Renee: I agree with Jacob. The Revel 5 is a decent do-it-all-daily trainer, particularly for runners who like lightweight shoes. Like Jacob, I wore the Revel 5 for a few days in a row, literally wearing the shoe for 14 hours. I ran in these shoes, I did yard work in these shoes, I went to my son’s track meet in these shoes . . . you get the point. The shoes are lightweight, with an 8mm drop that feels lower. For runners who do not want 6 pairs of running shoes, the Revel 5 is a good choice as a budget daily trainer. Save your money for a carbon-plated racer and use the Revel 5 for everything else. I did not feel much difference between the Revel 4  and Revel 5, so if you can find the Revel 4 on sale, buy it. I scored the Revel 4 at 8.75/10, and felt the same score was appropriate for the Revel 5. However, the more I ran with the Revel 5, the more I felt it warranted a higher score. 

Renee’s Score: 9/10 (-.25 for excess upper material, -.75 for what seems like a lackluster or non-exciting ride)


Michael: I have no legitimate criticisms of the Revel 5. It’s an enjoyable trainer with a nice little upside as a speedwork shoe, and a very well-crafted upper. It’s a tad boring, I think, especially in the midsole - but at $100 and with a visual appearance I quite like, even that isn’t such a major detriment. Of course, between last year’s models and an influx of lower-priced options, there is some legitimate competition for the Revel 5 - but I think it holds its own in that category.

Michael’s Score: 9.4/10


Comparisons

Index to all RTR reviews: HERE


Brooks Revel 4 (RTR Review)

Renee: The Revel 4 and Revel 5 are very similar. My women’s size 8 weighs the same in both editions of the shoes. The upper has slight differences. The Revel 5 has a wider (not thicker) tongue. Side-by-side, the Revel 5 looks slightly wider and rounder in the heel opening. Other than that, the shoes run the same. I scored the Revel 5 slightly higher than the Revel 4. After running more miles in the Revel 5, I gained an appreciation for the simple, versatile ride. 


Brooks Launch 8 (RTR Review)

Renee: The Launch 8 is about .25 oz lighter in my women’s size 8 and has a higher drop at 10mm. The Revel 5 has the “Energize” midsole whereas the Launch 8 has the “Speed” midsole. I do not notice much difference between the feel of the midsoles, but the Launch 8 rides slighter faster for me (probably because of the weight). The upper of the Launch 8 is more refined as compared to the Revel 5, and overall (for casual wear) the Launch 8 is stylistically better looking in my opinion. The grooves in the outsole of the Launch 8 work slightly better for traction on gravel as compared to the Revel 5, but both shoes are similar. For a higher drop and prettier/casual shoe, choose the Launch 8. For a lower drop and more versatile shoe, choose the Revel 5. Both are $100.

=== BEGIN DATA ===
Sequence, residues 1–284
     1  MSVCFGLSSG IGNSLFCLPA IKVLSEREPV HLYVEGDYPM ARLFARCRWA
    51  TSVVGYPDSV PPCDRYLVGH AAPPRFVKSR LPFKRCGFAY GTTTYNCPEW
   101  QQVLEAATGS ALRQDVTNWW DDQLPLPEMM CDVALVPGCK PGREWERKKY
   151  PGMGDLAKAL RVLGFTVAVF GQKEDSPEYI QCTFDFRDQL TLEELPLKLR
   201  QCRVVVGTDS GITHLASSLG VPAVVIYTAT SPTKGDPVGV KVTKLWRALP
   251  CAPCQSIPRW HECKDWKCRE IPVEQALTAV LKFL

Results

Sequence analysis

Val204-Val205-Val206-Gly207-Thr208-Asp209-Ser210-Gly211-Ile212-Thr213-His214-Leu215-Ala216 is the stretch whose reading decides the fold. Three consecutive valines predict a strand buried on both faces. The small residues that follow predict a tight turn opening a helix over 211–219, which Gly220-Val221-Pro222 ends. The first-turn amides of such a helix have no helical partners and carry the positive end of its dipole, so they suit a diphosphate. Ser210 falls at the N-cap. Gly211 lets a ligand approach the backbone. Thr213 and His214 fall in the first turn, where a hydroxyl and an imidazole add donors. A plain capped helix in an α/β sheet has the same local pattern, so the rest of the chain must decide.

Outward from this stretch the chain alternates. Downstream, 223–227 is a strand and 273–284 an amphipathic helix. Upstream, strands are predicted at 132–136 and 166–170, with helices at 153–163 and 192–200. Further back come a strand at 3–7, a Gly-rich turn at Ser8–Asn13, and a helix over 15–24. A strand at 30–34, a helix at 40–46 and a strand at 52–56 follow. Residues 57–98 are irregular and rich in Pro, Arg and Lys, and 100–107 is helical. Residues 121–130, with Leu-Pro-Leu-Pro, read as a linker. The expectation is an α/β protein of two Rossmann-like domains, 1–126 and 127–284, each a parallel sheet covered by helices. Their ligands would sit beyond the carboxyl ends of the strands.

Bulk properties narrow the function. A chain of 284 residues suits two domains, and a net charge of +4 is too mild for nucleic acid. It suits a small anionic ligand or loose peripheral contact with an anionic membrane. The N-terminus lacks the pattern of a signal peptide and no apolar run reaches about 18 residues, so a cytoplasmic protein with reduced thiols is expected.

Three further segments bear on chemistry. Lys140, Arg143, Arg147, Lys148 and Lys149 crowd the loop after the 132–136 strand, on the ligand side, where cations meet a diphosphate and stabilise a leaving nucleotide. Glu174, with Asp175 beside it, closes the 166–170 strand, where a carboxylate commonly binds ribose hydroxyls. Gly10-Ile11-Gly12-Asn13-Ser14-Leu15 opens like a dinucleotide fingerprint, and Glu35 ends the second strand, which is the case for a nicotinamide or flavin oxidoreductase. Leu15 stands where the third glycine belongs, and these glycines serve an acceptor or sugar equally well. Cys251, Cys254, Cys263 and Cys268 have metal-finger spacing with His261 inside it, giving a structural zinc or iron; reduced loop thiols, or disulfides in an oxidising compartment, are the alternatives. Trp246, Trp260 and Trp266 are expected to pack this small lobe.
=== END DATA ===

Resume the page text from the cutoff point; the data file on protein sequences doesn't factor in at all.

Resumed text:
Brooks Ghost 13 (RTR Review)

Jacob: The Ghost is a classic daily trainer with a relatively similar fit and ride to the Revel 5, but with less versatility. The Ghost feels more sluggish and overly soft at speed and more bulky with its 12mm drop, higher weight, and more robust upper. The fit and breathability of the Ghost is slightly better—more comfortable and airy—but I prefer the ride of the Revel with slightly less softness and lower drop and heel stack. The Revel is also a sleeker style that I prefer for general wear. Considering the Revel 5 is also $30 less than the Ghost, it’s definitely my pick. 


Atreyu Base Model (RTR Review)

Michael: Another budget entry-level ($65/$55) option is the Atreyu base model. The Brooks feels firmer and more traditional against the more minimalistic Atreyu. I like (and my achilles likes) the unstructured upper of the Atreyu and the slightly lighter platform - but I think for runners who want just a little more underfoot (or a more durable outsole, especially for off-road, the Revel 5 is a great option.



Saucony Freedom 4 (RTR Review)

Jacob: The Freedom 4 is in a similar class being mid-range in cushion, having a fashion/daily-wear element, and being versatile in performance. The Freedom 4 has a more modern midsole, using PEBA, which is both firmer than the Revel 5’s midsole and also bouncier. The Freedom 4 is snappier and feels faster but has a harsher ride that isn’t as effortless and smooth as the Revel 5’s. Both shoes fit well. As a daily trainer considering only performance, it’s a toss up based on ride preferences, but when considering its cost, at $60 less, the Revel 5 is the winner.


New Balance Fresh Foam Beacon (RTR Review)

Jacob: I have not run the latest Beacon, version 3, but I have run 1 and 2 and know from talking to others that the 3 is generally similar enough that this comparison can apply to it as well. The Beacon is a classic simple, lightweight, performant, single-slab EVA daily trainer. It has a lot of overlap in usage to the Revel 5 as a do-it-all shoe. Both are great. I think each shoe has advantages in certain areas and differ a bit in ride, with the Beacon being firmer, less flexible, and springier (no rubber outsole), and the Revel 5 being denser, softer, more flexible, smoother, and snappier. The Beacon is notably lighter which is a huge advantage, but it suffers in outsole durability. Additionally, the flex characteristics and traction of the Beacon lower its performance off-road. The Revel 5 is also $20 less than the Beacon. 


Both are great picks for any day running, so it comes down to preferences. Due to the greater versatility and durability (and sustainability) of the Revel, it is probably my pick overall.


Michael: Unlike Jacob, the Fresh Foam X Beacon 3 was my first and only Beacon experience, and that makes for a close call. The Beacon is a little more peppy and responsive, but has a slightly more lacking outsole and an uncomfortable heel collar. Even so, I think the prices paint the right picture here - the Beacon 3 is probably about 20% better (using my very unscientific processes) than the Revel, and costs as much. For those who are willing to compare the two, I’d recommend trying each and going based on fit and feel - it’s really a choice where you can’t go wrong (even if I’m slightly inclined towards the NB).


Brooks Revel 5 available July 2021. Revel 4 on clearance below.


Tested samples were provided at no charge for review purposes. No other compensation was received by RTR or the authors for this review beyond potential commissions from the shopping links in the article. The opinions herein are entirely the authors'.